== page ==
COSTAS Standings, Week One

by Andrew Mooney

As promised, here are the COSTAS standings for the first week of Olympic competition. To learn more about how COSTAS is calculated and what it intends to measure, read my original post here. Medal figures are current as of Saturday afternoon’s competition.

First, we have the medal standings as traditionally recorded:


Now here are those same standings, revisualized by COSTAS:


Like in 2008, China has opened up a giant lead over the rest of the field. Though they do not have a substantial advantage in gold medals, the Chinese have swept entire sports, like badminton, table tennis, and diving. The vast majority of the U.S.’s medal haul to this point has come in swimming (14 golds, eight silvers, and six bronzes), so our COSTAS total is discounted due to the large number of swimming events. The U.S. is actually far closer to third-place South Korea, which won big in archery and fencing, than to our red rivals.

An American comeback is certainly within the realm of possibility, however, given the upcoming opportunities the U.S. will have to follow China’s example and dominate in sports in which not many medals are available. The U.S. is heavily favored to take gold in men’s basketball, women’s basketball, and women’s soccer, and have looked dangerous in both men’s and women’s water polo. Medals in any of these would be rewarded heavily by COSTAS. There are also many individual gymnastics events still to come, which promise even more American gold.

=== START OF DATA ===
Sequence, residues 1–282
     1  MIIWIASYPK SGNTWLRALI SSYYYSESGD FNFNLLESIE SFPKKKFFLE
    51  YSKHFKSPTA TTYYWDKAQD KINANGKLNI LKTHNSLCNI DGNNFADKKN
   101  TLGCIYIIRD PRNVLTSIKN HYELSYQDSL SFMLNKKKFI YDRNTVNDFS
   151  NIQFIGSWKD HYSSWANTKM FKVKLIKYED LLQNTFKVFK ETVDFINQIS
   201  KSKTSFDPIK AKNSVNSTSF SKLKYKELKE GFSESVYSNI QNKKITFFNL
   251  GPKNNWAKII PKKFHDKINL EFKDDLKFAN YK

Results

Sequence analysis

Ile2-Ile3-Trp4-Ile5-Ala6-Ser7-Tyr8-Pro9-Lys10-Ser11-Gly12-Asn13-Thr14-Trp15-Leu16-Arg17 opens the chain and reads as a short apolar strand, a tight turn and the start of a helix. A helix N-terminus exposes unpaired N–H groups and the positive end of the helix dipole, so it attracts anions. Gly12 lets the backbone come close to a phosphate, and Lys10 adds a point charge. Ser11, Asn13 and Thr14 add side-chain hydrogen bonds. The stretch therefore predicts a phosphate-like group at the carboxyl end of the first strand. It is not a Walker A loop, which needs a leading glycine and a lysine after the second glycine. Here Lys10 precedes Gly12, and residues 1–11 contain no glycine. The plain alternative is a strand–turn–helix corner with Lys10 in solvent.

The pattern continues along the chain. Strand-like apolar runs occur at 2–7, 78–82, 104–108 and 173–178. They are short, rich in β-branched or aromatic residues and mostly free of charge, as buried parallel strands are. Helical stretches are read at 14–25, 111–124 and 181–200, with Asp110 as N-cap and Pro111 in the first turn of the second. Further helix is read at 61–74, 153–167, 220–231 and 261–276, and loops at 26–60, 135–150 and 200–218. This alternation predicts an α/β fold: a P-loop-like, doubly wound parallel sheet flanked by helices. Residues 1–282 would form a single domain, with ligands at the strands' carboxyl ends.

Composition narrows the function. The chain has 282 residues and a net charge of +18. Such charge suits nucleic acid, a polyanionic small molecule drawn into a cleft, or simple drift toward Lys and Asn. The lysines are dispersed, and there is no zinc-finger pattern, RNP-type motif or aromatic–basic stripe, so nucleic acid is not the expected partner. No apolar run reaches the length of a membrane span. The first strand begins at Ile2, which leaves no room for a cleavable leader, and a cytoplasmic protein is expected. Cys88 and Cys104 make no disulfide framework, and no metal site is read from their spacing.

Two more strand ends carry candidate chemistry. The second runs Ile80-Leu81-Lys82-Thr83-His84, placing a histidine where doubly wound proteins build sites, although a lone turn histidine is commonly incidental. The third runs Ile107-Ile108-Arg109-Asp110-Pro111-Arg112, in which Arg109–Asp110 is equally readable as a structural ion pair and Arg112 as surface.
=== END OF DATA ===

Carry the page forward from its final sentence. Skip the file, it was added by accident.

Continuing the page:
But the U.S. may need all that and more to catch China, whose medal score is already a time and a half greater than the Americans’. Though we’ve just nosed into the lead according to the official standings, there’s a long way to go to match the supremacy in multiple disciplines enjoyed by the Chinese.

This post can also be seen on here.

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1 Comment

  • Great work. This is the first medal count I have seen that seems to encapsulate the ‘important’ aspects of olympic participation.
    As a follow-up, any chance that you are working on a model based on individual athletes rather than countries? It would be very interesting to see how multi-medallists such as Phelps, Thorpe, etc stack up under the same evaluation!

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